Sri Lanka's health authorities have so far insisted on a strict 14-day quarantine for all arrivals, which the Bangladesh Cricket Board has refused to agree to. Now, SLC have floated the idea of Bangladesh's players doing seven days of quarantine in Bangladesh before flying to Sri Lanka and doing seven further days of quarantine in the island.
Neither Sri Lanka's health authorities nor the BCB has agreed to such a plan, however. Ostensibly, maintaining a biosecure bubble while flying internationally also seems a complex and difficult proposition. But SLC is being forced to come up with creative solutions, as its health ministry has so far refused to budge on the 14-day quarantine.
"We had a positive meeting with the Covid-19 Task Force yesterday, and everyone was in agreement that we should make this tour happen," SLC vice-president Ravin Wickramaratne told ESPNcricinfo. "But we have to take what the doctors are saying into account also."
Acting on the health ministry and epidemiologists' recommendations, Sri Lanka has so far fared better during the pandemic than many other nations. The Covid-19 death toll is at 13 and life has largely returned to normal in the island, save for the closed borders.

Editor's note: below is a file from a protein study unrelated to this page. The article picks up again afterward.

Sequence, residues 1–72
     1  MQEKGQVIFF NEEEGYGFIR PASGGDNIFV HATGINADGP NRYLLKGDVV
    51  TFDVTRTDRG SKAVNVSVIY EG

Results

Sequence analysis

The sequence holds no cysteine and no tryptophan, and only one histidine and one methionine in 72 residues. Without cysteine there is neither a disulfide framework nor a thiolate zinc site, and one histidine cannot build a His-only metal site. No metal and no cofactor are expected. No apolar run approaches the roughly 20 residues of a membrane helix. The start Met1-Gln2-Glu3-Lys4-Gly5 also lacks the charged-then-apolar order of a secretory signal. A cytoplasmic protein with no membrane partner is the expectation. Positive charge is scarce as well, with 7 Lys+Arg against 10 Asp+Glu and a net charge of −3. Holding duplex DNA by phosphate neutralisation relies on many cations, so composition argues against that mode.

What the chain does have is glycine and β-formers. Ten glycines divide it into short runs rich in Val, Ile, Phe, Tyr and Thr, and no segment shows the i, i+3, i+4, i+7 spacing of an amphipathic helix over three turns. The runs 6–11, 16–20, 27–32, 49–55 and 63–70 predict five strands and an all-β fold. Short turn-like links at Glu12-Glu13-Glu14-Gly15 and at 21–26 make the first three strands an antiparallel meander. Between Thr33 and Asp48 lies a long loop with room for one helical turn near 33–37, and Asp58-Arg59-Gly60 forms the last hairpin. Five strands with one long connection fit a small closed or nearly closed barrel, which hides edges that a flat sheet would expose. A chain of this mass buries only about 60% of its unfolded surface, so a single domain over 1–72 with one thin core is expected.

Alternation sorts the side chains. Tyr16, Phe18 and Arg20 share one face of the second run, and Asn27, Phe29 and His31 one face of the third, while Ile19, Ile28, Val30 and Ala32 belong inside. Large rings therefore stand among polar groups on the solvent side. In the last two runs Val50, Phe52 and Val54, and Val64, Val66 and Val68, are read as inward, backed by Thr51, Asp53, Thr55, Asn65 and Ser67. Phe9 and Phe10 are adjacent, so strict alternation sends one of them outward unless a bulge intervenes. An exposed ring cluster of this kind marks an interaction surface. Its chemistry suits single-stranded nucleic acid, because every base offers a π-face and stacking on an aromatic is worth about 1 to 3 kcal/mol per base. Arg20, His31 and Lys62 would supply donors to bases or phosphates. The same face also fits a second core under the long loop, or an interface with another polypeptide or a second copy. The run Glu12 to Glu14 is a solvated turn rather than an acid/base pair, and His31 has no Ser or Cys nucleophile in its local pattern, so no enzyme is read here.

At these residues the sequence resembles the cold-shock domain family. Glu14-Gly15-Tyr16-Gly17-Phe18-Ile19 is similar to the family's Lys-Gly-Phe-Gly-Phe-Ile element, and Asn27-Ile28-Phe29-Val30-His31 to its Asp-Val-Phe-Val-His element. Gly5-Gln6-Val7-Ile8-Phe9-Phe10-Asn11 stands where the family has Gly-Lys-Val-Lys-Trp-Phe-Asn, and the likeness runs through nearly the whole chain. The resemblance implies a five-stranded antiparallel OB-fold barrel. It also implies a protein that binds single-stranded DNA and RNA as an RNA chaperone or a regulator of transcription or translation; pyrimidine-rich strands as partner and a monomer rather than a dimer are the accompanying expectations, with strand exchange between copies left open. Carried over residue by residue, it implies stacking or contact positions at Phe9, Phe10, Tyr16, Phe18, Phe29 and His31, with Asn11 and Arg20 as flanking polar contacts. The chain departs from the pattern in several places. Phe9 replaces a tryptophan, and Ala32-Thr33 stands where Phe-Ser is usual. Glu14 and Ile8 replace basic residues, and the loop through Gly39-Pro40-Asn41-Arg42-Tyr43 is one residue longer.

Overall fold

Bangladesh's refusal to undergo a 14-day quarantine - in which players would not be allowed to do so much as leave their hotel room - is because the BCB believes it is unfair to ask players to spend so long out of action - and in isolation - ahead of a major Test series. Earlier, SLC had asked the health ministry if the Bangladesh players could train in the second half of the 14-day period with a bubble in place but this was refused.
Sri Lanka also does not have major stadiums adjacent to hotels, as England do in Southampton and Manchester. SLC expects to have more clarity from the health ministry in the next few days. In any case, this series is now unlikely to start until at least mid-October.
(Except for the headline, this story, originally published by espncricinfo.com has not been edited by SLM staff)
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